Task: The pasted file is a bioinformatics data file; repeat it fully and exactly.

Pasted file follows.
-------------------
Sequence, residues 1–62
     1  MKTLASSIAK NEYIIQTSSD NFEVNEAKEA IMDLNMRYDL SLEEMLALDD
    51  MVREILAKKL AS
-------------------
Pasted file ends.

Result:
Sequence, residues 1–62
     1  MKTLASSIAK NEYIIQTSSD NFEVNEAKEA IMDLNMRYDL SLEEMLALDD
    51  MVREILAKKL AS